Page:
What Three Design Experts Wish They Knew Before Designing Their First Homes

If you don't know, now you know.

Designed by Briana Gagnier.

The thought of designing a home sends a simultaneous dose of excitement and anxiety to my brain. How does one sort through all of the decor possibilities and land upon the perfect pieces, only to create a perfect abode? My guess is that decorating a new home is a process that need not be rushed, or else it might turn out looking like a staged open house, a swhmorasborg of random things, or worse, a recipe for an estate sale. 

Alas, I am only a renter at this stage of my life. Although I have a basic knowledge of how designing a home begins, I wanted to hear the juicy details and woes from hindsight. So, I tapped the minds of three house-decorating veterans — Kasey Hickey, Katie Martinez, and our very own, Angela Tafoya — to tell us the ins and outs of decorating a home — what they regretted, what they learned, and what they wish they knew before. Read ahead for the full scoop, no sugar added. 

 

Kasey Fleisher Hickey, Founder of Turntable Kitchen 

What Three Design Experts Wish They Knew Before Designing Their First Homes
Designed by Briana Gagnier.

What are three things you wish you knew about before designing your first home?

Kasey Hickey: I wish I had a better sense of costs! As a first-time home owner, you have NO idea how much things cost (materials and labor).
I wish I knew more about what was behind the walls, so to speak. Knowing, for example, if your walls are or aren't insulated, if you have knob-and-tube wiring, if you have a gas line, are all things that are helpful because you can plan ahead for updates that aren't just cosmetic. It's hard to spend money on things you can't see, but a lot of these changes are really great long-term investments in your home, and your enjoyment of it. Make sure you're building upon a solid foundation. I wish I had thought through where to splurge and where to save. We have small children, and some of my early design decisions didn't factor that in! For example, we love our rustic dining room table, but the ridges in the wood make it impossible to clean all the little bits of food that get stuck in there. If I had to buy a new dining room table today, I'd definitely get a smooth surface one. I think you really have to balance comfort and style.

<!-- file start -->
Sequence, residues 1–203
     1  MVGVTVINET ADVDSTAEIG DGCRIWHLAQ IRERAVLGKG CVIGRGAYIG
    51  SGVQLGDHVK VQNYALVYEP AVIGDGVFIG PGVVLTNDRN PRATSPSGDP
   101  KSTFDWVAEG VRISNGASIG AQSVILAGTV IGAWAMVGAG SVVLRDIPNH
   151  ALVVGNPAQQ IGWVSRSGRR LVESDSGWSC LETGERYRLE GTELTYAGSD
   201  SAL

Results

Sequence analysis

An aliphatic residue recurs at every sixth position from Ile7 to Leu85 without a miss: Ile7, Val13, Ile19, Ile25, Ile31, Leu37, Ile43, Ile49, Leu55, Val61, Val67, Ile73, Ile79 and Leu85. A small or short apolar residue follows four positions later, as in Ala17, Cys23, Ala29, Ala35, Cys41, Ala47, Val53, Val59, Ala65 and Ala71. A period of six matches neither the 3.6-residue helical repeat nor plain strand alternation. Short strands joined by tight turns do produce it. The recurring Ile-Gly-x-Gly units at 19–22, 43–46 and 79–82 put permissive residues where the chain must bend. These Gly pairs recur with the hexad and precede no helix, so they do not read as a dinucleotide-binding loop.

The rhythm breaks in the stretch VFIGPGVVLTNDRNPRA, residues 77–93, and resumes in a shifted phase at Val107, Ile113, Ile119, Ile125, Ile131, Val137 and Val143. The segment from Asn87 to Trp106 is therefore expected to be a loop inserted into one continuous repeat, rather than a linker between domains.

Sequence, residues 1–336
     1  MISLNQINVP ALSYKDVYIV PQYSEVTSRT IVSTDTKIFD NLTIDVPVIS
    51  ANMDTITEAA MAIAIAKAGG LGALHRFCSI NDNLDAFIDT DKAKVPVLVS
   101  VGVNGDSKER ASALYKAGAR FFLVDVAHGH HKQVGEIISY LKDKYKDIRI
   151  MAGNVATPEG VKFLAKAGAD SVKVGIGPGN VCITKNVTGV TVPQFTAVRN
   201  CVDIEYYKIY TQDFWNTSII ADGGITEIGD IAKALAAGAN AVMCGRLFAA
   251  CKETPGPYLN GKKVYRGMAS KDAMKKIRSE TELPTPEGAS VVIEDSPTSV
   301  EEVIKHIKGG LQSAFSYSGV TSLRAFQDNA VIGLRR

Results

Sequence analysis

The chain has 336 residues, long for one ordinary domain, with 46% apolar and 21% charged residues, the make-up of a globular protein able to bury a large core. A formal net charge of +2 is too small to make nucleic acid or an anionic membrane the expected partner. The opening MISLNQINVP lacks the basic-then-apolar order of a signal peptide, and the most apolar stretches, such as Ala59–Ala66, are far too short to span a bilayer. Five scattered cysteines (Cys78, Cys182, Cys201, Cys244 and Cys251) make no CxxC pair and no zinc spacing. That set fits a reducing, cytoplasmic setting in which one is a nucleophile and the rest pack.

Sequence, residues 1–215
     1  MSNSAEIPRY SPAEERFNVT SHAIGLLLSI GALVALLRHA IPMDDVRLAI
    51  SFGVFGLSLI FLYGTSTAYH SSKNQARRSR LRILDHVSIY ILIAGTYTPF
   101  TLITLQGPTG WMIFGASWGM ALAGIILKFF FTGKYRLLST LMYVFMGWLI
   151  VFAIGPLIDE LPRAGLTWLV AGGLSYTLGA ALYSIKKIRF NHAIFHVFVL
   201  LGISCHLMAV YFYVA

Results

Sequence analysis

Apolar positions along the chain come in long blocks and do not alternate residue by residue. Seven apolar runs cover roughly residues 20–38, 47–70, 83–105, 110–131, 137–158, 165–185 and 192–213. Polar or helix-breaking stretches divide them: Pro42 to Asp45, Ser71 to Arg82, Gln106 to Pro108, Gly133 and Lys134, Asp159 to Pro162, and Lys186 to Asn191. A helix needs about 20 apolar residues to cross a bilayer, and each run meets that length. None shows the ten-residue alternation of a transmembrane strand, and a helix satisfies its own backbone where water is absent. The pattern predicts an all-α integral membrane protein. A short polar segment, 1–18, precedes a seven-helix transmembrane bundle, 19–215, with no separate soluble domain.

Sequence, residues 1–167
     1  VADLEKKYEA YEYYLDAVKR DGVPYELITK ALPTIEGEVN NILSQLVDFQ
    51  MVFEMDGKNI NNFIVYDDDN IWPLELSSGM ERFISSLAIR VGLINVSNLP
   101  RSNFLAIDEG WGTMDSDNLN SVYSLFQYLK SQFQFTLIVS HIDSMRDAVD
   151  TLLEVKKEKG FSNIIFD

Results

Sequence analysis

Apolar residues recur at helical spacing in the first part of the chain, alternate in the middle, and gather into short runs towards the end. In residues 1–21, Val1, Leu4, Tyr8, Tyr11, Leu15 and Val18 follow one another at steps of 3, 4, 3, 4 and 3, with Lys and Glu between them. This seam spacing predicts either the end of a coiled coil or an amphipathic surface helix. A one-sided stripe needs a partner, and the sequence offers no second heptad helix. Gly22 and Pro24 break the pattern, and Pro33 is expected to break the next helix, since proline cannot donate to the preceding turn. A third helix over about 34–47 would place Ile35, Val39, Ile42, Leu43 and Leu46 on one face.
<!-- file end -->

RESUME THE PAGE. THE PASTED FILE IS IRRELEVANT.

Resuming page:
What are the most prevelant takeaways from designing your first home?

KH: The biggest learning was that doing it fast and cheap is NEVER a good idea, unless you're super handy yourself and know a lot about materials. I'm a pretty impatient person, but I've realized that good things come to those who wait. A home isn't a one-and-done project, it's a labor of love that never ends.

What is the biggest misconception about designing your first home?

KH: I think the biggest misconception is that beautiful homes don't have their warts. It's easy to assume that everyone lives in a perfectly designed and styled home (fresh flowers! floor pillows! gallery walls!). Little things can drive me nuts, and I found myself hyper-focused on my home's warts (for example, our yet-to-be finished laundry room), but the more people I talk to, the more I realize that almost everyone has a room or two that they keep closed. Maybe it's full of Amazon boxes, or bags of old kids clothes. Maybe the paint is chipping. Live in your house long enough and you'll get a better idea of what you really have to change and what might actually be charming, despite its imperfections.

Was it easier, or harder than you thought it would be?

KH: In some ways it was harder, and it some, easier. Since we renovated our kitchen when our kids were super young (2 and 5), I worried about everything. But, we planned ahead: we renovated in the summer, set up a prep station in our laundry room, and leveraged our grill and slow cooker. The kids seemed to think it was a fun adventure, even if I found it stressful. We seem to have gotten into a lot of challenging spots, though. We removed the textures from our walls when we FIRST moved into our house with 2 month old twins! Everything was covered in tarp and I was like, WHYYYYY? But looking back, I feel like we survived ok. The hardest thing has been that now I feel addicted to home projects!